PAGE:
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True, Animar does have a lot of combo options open to it, but a majority of them are pretty dependent on Animar being in play for them to be game-enders, Splinter Twin/Kiki combos and Deadeye Navigator combos being exceptions. To get the speed that Animar decks are known for though, you usually need Animar out. That's one of the reasons I suggest that its tier rank should be dropped, I was under the impression that being heavily commander dependent bumped a deck down in the ranks according to the tier descriptions.
I'm not certain that having a lot of combo options necessarily translates into resilience against disruption. It give more options, sure, but it's pretty easy for Animar to find itself stuck in top-deck mode after an early board-wipe and having a couple key cards countered. And that's just in 1v1, never-mind in multiplayer where the odds that someone having a piece of counter or instant removal is that much higher.
This is just my opinion, but I see Animar as a proactive deck that relies on combo speed to snag most of its wins. Losing the ability to sculpt its starting hand with Paris mulligan, having to face cheap and easily splashed wraths in the form of Toxic Deluge, and now having to compete against the speed of Flash Hulk combo gives me the impression that Animar is going to suffer even lower win-ratios. I'm just not confident that Animar can currently match the top end of the cEDH meta as well as it used to. It'd love to be wrong on this topic though, since I enjoy piloting Animar decks.
What are your thoughts on how Animar squares up with the rest of the meta?
May 29, 2017 12:27 a.m.
Does Animar still deserve its 1.5 Tier ranking? It can pull off extremely fast combo wins, but it is heavily reliant on its Commander to do so and it rarely packs more than a few sources of countermagic and interaction to protect its game plan. The printing of Toxic Deluge hurt it, and then the change to Vancouver Mulligan reduced the deck's consistency to a degree that I'm not certain it has managed to recover from. In terms of speed, variants of Flash Hulk combo can win on turn 1, which can outpace Animar. In multiplayer, the overwhelming amount of Blue that is played means that there are a lot more Chain of Vapor, Cyclonic Rift, and Rapid Hybridization at the table that can disrupt Animar if it manages to get past counterspells.
Would anyone else argue that Animar is currently too much of a glass cannon to hold its tier 1.5 spot?
May 28, 2017 6:27 p.m.
Heh, not sure if I can call being a 3-turn killer that much of a downside. Only 2 (possibly 3) out of all printed Leviathans can kill in only two swings. Besides, I appreciate that White isn't able to pay just 1 mana to convince my 9-mana monster to pack in the good life to take up farming.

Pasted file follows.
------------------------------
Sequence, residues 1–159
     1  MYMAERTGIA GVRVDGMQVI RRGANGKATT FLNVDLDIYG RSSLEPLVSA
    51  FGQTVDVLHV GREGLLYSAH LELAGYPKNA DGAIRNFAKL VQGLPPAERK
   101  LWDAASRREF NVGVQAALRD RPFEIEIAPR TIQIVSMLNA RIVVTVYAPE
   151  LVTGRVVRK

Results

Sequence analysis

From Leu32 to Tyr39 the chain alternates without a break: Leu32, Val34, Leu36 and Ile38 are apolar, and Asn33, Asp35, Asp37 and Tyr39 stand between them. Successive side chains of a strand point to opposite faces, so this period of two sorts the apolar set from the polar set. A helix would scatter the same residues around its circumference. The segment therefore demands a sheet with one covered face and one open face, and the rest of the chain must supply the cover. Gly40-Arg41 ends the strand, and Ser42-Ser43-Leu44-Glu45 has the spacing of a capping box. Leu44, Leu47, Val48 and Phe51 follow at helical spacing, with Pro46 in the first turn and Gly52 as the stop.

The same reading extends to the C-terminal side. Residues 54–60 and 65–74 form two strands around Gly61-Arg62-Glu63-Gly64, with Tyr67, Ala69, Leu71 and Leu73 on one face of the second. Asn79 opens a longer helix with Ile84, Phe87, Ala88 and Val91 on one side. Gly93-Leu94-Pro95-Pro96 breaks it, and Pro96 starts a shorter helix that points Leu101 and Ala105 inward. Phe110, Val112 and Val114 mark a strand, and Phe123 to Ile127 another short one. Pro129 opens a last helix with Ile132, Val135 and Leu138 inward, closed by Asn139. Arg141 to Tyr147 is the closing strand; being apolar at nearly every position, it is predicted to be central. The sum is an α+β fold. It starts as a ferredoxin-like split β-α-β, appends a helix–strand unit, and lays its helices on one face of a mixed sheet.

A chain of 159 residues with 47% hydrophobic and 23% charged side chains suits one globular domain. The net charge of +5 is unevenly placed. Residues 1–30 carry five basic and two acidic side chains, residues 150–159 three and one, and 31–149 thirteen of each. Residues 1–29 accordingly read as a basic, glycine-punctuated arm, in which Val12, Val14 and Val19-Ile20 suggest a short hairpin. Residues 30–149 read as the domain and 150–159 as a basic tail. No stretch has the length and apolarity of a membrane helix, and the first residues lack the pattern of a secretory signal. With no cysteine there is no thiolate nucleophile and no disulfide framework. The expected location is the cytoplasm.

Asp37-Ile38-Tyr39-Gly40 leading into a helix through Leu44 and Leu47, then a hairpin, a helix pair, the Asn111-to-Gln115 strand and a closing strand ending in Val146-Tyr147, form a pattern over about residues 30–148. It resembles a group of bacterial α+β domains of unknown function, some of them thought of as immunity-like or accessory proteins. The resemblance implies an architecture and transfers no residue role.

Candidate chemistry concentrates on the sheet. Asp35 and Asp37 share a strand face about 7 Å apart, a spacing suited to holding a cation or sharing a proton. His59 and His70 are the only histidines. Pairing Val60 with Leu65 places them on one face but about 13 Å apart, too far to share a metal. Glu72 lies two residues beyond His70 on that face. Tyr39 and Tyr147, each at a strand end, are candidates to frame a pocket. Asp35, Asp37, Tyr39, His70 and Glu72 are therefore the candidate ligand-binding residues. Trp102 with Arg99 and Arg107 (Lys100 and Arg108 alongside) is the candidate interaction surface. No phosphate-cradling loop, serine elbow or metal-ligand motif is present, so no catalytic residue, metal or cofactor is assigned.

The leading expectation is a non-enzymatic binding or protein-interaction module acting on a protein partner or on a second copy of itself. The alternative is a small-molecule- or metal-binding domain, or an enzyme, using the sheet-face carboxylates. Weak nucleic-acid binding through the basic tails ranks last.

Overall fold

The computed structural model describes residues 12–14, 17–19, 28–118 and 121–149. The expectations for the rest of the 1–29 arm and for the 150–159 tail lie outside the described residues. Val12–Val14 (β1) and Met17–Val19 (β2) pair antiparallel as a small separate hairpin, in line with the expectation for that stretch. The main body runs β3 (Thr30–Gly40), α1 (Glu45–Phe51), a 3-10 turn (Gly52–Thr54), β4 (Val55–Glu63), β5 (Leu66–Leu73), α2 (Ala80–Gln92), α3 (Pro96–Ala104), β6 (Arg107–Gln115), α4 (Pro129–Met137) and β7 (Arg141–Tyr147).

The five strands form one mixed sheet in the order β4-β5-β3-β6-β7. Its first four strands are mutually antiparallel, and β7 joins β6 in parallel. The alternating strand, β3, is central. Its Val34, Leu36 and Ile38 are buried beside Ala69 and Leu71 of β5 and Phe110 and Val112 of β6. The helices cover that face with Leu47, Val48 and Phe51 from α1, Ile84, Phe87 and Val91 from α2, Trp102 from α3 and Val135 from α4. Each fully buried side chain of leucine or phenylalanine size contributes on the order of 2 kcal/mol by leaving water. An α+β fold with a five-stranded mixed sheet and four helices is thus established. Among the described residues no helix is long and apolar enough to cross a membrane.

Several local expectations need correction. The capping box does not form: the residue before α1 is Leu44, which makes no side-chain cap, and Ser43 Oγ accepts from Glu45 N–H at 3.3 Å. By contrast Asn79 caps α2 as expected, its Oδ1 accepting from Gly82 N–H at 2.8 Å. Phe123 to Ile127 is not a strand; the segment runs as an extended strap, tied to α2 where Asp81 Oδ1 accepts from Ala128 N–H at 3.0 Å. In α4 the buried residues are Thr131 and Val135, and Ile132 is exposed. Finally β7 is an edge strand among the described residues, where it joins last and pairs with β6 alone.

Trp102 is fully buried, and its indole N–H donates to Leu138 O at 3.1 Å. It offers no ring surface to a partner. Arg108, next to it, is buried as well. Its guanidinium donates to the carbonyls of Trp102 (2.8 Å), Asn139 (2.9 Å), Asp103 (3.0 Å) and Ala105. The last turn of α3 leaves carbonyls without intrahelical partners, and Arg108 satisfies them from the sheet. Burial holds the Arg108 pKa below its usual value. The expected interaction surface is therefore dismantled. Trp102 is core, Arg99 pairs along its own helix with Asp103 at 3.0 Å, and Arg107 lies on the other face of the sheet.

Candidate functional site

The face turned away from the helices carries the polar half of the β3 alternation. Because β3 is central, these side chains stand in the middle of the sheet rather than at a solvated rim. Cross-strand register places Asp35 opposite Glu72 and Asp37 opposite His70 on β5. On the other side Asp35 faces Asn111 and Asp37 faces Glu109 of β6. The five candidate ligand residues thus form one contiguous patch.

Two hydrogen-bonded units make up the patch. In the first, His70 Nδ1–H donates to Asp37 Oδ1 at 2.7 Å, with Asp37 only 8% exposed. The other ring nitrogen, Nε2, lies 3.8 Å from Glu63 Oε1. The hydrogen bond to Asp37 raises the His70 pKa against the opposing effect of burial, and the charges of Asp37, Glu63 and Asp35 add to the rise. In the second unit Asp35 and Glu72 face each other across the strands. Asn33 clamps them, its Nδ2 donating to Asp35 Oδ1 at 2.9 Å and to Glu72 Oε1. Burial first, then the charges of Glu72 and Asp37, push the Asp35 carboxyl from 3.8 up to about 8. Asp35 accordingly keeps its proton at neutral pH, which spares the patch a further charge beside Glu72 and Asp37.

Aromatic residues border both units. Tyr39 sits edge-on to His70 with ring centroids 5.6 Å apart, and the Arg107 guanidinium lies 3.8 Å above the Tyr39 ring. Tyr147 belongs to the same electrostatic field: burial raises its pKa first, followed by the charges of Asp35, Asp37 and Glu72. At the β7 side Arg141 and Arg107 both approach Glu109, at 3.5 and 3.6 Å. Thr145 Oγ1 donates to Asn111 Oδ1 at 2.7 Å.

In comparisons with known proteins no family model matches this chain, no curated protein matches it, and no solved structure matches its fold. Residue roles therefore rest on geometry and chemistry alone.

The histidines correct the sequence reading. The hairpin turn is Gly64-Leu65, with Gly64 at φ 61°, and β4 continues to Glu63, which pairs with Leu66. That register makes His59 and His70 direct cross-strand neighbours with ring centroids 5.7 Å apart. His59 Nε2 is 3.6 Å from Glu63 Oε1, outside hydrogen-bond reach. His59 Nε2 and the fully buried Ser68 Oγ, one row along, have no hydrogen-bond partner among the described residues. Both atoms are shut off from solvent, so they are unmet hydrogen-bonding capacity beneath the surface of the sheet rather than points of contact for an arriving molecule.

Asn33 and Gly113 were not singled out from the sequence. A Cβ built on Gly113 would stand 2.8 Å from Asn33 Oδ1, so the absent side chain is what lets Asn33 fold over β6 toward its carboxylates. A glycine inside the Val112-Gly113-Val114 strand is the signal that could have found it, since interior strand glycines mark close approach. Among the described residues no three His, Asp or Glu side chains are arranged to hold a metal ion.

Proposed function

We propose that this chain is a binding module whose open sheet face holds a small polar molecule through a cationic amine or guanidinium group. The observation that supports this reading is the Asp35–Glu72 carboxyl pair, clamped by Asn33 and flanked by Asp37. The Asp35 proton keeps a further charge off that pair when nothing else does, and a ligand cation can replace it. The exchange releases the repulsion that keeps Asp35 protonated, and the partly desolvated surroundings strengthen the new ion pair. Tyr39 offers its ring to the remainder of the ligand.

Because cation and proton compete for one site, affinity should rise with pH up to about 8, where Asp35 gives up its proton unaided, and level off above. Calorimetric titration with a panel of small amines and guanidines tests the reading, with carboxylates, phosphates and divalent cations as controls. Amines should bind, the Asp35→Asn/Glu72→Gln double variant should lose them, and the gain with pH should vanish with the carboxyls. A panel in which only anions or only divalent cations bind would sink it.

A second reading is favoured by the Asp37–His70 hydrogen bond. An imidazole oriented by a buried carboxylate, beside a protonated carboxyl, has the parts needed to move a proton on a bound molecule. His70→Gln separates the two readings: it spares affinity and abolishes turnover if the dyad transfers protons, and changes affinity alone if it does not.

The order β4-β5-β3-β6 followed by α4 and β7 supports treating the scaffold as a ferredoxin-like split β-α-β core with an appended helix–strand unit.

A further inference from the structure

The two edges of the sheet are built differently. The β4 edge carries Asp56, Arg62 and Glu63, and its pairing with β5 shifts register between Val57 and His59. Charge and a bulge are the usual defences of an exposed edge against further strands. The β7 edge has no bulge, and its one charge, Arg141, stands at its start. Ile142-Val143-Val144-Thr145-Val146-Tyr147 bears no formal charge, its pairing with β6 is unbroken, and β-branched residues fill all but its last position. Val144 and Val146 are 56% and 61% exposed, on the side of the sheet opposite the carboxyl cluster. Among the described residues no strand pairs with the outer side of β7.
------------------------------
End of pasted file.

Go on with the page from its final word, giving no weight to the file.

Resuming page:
May 19, 2017 9:58 p.m.
While not a particularly original option, I'd have to say that my favorite is Inkwell Leviathan. Watching my blue-loving friends' expressions when I reanimate Inkwell Leviathan on turn 2 always brings a small bit of joy to my heart.
I'm not sure Inkwell Leviathan really counts as a Leviathan in spirit though. It's a huge body with strong abilities for zero downside beyond costing 9 mana to cast.
May 19, 2017 9:03 p.m.
Back when WotC announced that the 2014 Commander decks were going to be mono-colored, I wondered how they were going to keep Blue, the most powerful color in commander, from clearly being the best deck. Once I saw the deck list, I had WotC's answer:
"Make the blue deck play like a green deck."
They really tapped into Blue's association with fat fliers and deep-sea monstrosities for that deck, focusing on Teferi, Temporal Archmage's untap ability and a bunch of artifact-based mana ramp to fill the board with muscle. I guess they didn't entirely skimp out on the fun blue spells though, since both Cyclonic Rift and Rite of Replication made appearances to further support the game plan of "Fill your board and hit your enemies in the face."
May 18, 2017 5:43 p.m.
I like the summary format that you used here to make a quick reference index. And while I know that you cover this in your podcast, I think that it would help in these reference guides if you make it clear somewhere at the start which of you is the Timmy, Johnny, and Spike. It will be a bit of redundant information for your regular followers, but it would make the context of what you are doing with the Trinisphere a little more clear for the people who find these reference posts before they listen to the podcast. In particular, it would let people know which mindset contributed to building which deck in the Builder's Bane challenge.
Other than that though, I like what you guys are doing here. Awesome job.
May 10, 2017 4:52 a.m.
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